For the farest I remember, I always loved Kyushu. When I received my first guide book about Japan at 15, I was fascinated by this island which has a great nature, rich culture and history and delicious looking food. Several years later I traveled there for the first time and it was an instant love. Now,I'm lucky and proud to be able to live in Fukuoka for several years and seeing clearly my future here.
Since late 2015, I made the choice to travel once a month somewhere in Kyushu and it started by a Kumamoto trip in New Year. For the first time 2 years I went to Kumamoto castle, Suizen-ji garden and mount Aso. I was so happy to be discover again the places I loved and I made great memories.
As a Kyushu lover,I was deeply moved by the tragic earthquakes which occured in april of this year. Of course we felt it strongly in Fukuoka and I first I could only think about telling what I felt on my blog but soon after I was shocked by the images on TV about places I visited only few weeks ago ! The only thing I could do was praying for the victims and their families.
If I went several times to Oita since the earthquakes, I didn't have the chance to go back to Kumamoto yet. As there was a 3 days weekend in October, I took this chance to make a trip there. Good news, it was also my birthday too so what a great opportunity to spend two days relaxing in Kurokawa onsen.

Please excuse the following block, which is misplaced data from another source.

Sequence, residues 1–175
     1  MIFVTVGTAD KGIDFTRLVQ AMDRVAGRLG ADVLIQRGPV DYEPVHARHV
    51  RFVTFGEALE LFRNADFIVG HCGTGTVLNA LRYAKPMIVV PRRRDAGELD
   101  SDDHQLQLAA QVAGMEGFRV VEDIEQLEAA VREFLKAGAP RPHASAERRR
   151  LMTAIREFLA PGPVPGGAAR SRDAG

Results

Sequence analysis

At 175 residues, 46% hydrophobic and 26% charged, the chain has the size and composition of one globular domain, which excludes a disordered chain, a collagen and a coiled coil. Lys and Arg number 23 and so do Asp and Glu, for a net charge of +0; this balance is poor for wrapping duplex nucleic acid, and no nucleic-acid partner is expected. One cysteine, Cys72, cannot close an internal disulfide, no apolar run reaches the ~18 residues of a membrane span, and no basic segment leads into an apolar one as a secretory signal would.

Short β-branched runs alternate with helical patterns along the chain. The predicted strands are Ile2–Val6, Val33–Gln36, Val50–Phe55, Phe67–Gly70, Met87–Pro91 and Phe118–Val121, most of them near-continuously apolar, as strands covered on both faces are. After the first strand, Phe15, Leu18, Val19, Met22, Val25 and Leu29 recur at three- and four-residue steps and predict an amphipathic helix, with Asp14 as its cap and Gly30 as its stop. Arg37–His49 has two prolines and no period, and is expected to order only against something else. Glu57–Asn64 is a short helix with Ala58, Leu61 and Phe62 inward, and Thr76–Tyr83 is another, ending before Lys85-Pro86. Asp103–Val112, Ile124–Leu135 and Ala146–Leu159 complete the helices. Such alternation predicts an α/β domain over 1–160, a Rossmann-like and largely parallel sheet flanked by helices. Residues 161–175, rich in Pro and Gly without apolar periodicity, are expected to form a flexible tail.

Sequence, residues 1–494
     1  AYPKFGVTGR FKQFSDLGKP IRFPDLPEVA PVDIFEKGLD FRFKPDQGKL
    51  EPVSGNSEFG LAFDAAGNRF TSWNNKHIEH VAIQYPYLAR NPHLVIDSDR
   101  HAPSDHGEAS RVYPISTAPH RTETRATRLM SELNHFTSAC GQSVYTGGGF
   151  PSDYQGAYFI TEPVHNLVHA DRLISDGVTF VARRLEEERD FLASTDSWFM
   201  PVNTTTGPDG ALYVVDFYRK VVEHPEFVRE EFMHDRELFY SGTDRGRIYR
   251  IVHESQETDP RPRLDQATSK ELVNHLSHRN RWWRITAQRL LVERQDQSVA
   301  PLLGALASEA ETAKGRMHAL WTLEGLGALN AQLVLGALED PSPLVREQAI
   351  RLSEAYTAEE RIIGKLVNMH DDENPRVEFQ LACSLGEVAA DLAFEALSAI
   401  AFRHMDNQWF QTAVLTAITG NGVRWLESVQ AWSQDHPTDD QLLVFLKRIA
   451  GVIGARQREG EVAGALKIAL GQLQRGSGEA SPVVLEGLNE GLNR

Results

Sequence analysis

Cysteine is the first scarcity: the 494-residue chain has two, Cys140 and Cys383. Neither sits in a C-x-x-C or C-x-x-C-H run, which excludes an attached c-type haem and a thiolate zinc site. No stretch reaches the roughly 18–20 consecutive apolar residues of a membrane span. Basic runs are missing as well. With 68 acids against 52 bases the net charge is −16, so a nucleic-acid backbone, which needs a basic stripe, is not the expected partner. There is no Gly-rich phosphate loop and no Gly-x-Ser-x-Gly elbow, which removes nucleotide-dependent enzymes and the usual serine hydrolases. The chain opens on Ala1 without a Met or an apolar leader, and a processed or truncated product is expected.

It isn’t possible to reach Kurokawa Onsen otherwise than by road. We took a direct bus from Fukuoka, connecting to the small village in 2:50. Nowdays it takes a little longer because of the Kyushu earthquakes some roads are still closed and the bus makes a detour through the Oita’s countryside. It adds about 30 minutes to the journey but the road is rather nice because it follows a river and a railroad crossing small villages.
After checking-in at our ryokan (Japanese Inn), we changed to yukata, grabbed the special onsen bag prepared expressly for us (with towels, hair brush, tooth brush, shower cap and razor) and went towards the tourist office to purchase a nyuto tegata.
This wooden board is essential for those who want to try onsen hopping . For 1300 yens (700 yens for children), the tegata allows access to 3 of the 24 participating onsens. On the back of each plate there are 3 stickers. When visiting a hot spring, present the tegata at the entrance, the staff will remove one of the stickers and stamp your board. The tegata is valid for 6 months and a worthwhile investment when you consider that the entry for each onsen costs an average of 500 yen. At the end of the stay you can either leave it to Kurokawa shrine or bring it back home as a souvenir.
I should point out that onsen hopping is possible only from 8:30am to 9pm. Before and after, the baths are reserved to the ryokan clients.
Autumn has arrived suddenly in Kyushu. Despite bright sunshine, it was quite chilling in Kurokawa and trees even began to change color. It was the ideal weather to enjoy an onsen dip.
But we were quite hungry so we decided to eat first and we went to try some of Kurokawa onsen best foods !